Creating a World of Peace - The Thought and Works of Sun Myung Moon by Joon Ho Seuk

Volume 1 - The Life and Teachings of Reverend Sun Myung Moon [Part 7 / 20]

6. On Trial In America

Reverend Moon's appeal for a true Christian renewal of America was initially welcomed. However, this receptivity proved shallow when, in 1974, he urged Americans through rallies and newspaper statements to forgive the beleaguered Richard Nixon at the time of the Watergate scandal.

Virtually no one at the time was willing to side with a president on the verge of impeachment, but Reverend Moon foresaw the terrible consequences of undercutting the American presidency.

His appeal was met with scorn and he became an easy target for the now hostile media. Old allegations from Korea were dug up and, in this atmosphere of hysteria, the conversion experiences of his young followers were seen as clear evidence of brainwashing.

In 1981, a five-year IRS investigation produced an indictment against Reverend Moon. It charged him with evading income taxes nearly a decade earlier, as well as conspiracy to avoid those taxes. When the indictment was handed down, Reverend Moon was in Korea. Rejecting the advice of his lawyers, he immediately returned to the United States. He told his counsel: "I will not abandon my mission in America. That I will never do."

Upon arriving in New York for the Federal District Court arraignment he spoke only one sentence: "Your Honor, I am not guilty." Despite forty amicus briefs from mainline Christian leaders, legal associations, civil liberty groups and state governments, Reverend Moon was convicted and sentenced to spend eighteen months in a federal prison.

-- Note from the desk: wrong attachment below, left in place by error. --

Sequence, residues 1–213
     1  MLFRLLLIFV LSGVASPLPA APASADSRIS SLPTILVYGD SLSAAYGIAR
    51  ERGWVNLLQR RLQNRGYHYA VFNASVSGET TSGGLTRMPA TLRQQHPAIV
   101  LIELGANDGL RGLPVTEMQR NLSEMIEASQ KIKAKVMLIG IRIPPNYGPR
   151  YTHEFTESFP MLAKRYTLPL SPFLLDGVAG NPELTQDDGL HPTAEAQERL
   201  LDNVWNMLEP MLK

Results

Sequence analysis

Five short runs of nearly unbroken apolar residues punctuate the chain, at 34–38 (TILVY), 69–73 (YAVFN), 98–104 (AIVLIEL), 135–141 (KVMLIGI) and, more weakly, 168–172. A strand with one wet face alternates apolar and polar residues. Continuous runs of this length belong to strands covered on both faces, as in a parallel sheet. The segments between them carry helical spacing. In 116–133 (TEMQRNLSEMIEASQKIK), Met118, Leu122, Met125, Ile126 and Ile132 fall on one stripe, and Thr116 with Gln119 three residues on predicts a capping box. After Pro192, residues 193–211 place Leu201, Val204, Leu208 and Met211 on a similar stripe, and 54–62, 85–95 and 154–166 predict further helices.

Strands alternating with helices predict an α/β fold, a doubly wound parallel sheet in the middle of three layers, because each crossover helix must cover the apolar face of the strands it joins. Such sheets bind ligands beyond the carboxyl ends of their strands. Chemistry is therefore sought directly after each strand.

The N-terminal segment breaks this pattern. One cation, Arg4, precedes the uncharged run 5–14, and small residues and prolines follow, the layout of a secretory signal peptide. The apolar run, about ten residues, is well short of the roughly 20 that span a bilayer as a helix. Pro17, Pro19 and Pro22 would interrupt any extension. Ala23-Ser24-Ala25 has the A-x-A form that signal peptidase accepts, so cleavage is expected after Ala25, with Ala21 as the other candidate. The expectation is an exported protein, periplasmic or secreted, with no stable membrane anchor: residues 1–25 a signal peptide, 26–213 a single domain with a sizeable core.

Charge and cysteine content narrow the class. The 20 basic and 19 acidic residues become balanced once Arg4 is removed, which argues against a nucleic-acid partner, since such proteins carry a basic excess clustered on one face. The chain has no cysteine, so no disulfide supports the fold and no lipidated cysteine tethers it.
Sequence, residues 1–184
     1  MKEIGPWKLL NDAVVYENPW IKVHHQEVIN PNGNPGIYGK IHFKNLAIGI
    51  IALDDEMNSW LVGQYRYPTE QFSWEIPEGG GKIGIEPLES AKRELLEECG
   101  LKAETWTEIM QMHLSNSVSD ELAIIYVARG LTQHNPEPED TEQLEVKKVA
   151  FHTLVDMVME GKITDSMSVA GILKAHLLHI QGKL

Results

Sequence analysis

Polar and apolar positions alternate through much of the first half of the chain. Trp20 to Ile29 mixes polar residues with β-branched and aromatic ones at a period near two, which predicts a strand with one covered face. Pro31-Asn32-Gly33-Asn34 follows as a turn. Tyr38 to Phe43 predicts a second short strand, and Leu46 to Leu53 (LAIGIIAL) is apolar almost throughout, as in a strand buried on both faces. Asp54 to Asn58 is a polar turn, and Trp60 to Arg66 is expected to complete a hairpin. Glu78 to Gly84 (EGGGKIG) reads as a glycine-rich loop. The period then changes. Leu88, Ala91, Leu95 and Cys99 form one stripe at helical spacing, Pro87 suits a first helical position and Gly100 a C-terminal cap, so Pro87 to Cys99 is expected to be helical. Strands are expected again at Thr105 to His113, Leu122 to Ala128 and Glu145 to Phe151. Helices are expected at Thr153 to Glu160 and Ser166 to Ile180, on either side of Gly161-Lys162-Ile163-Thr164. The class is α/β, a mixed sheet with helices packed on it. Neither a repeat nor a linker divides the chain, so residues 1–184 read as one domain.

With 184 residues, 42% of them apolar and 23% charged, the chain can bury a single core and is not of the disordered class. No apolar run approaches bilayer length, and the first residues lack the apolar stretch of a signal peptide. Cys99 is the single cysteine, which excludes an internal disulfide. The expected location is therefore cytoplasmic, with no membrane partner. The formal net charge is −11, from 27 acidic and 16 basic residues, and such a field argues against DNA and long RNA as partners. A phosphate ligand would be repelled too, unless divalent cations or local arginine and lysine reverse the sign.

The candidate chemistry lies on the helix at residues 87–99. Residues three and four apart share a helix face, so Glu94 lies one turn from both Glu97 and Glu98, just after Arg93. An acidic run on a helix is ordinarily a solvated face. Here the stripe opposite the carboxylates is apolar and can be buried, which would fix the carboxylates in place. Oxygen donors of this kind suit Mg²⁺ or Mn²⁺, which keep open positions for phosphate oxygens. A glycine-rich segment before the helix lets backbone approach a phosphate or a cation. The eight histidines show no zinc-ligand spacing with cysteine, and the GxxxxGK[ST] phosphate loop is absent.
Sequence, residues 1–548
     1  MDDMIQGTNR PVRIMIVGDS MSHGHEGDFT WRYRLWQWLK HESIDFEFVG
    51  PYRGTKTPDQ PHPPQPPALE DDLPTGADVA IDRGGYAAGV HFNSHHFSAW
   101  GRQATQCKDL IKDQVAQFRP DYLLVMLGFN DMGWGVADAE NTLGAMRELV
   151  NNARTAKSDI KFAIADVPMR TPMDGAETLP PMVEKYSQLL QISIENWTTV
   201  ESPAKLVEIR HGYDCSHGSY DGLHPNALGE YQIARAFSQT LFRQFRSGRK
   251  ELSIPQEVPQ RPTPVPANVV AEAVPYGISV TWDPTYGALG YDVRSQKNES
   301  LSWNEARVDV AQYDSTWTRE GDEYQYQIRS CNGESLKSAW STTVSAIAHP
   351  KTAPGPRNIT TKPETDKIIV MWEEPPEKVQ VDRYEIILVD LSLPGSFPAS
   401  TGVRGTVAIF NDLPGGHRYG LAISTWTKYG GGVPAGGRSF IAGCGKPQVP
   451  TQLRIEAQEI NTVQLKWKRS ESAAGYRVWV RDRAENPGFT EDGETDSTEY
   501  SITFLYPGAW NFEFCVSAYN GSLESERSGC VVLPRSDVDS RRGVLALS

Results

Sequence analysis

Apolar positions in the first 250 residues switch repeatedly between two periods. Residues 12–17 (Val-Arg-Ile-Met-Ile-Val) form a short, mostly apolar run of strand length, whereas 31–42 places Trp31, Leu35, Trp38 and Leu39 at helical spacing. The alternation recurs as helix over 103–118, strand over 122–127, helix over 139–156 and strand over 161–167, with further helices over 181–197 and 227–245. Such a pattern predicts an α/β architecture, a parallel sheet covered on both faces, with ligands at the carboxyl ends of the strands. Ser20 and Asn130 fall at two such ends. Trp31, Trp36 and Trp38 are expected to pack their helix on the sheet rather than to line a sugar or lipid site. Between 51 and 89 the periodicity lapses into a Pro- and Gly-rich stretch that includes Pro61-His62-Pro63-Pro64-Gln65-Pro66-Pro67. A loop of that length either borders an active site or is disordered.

The US Justice Department wanted to negotiate with Reverend Moon's attorneys. On the condition that Reverend Moon depart for Korea and never come back to the United States, they said, the government would waive his prison sentence. He flatly refused. His comment was, "It must be God's will that I go to prison. There must be a providential reason why I must go this way."

Reverend Moon in Danbury Prison

Letter from Ed Farmer, former Danbury inmate.
I was fortunate. I only had to be in Danbury for three months. I knew I was going, and I knew Reverend Moon was there. They had it in the paper every other day. I was curious.
As it turned out, I was in the cubicle right next to Reverend Moon's, five feet away.
Reverend Moon has a very good sense of humor. It's hard for me to think of a person as being mean or brainwashing people with the sense of humor he has. He truly loves people. I mean, he likes being with them.
He likes being kidded, he likes being teased. I never saw a mean act on his part. He never asked for special treatment. He mopped floors, cleaned tables, and he helped other people when he was finished with his job.
When you'd be down in spirit, he'd come along, pat you on the back, and smile and laugh. He doesn't put on a face today, or put on generosity or kindness today and then not tomorrow. Reverend Moon is Reverend Moon, a very steady, ongoing force. I think that man could be happy wherever he went. He carries his religion with him. He doesn't need a book. Everyone feels it. It's very evident.
Reverend Moon has never complained about what the government did to him. He has never accused the government of a witch-hunt, mainly I think because he refuses to dignify it. I find it almost impossible to believe the stories that they spread about him, after having met him. That man would not do those things, it's impossible. My own personal belief is that it was a witch-hunt.

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